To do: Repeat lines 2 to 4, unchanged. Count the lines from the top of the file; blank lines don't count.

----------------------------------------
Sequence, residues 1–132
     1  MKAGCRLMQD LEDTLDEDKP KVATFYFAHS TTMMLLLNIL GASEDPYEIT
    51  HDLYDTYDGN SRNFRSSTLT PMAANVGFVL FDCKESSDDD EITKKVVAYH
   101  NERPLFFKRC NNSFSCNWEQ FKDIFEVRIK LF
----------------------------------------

     1  MKAGCRLMQD LEDTLDEDKP KVATFYFAHS TTMMLLLNIL GASEDPYEIT
    51  HDLYDTYDGN SRNFRSSTLT PMAANVGFVL FDCKESSDDD EITKKVVAYH
   101  NERPLFFKRC NNSFSCNWEQ FKDIFEVRIK LF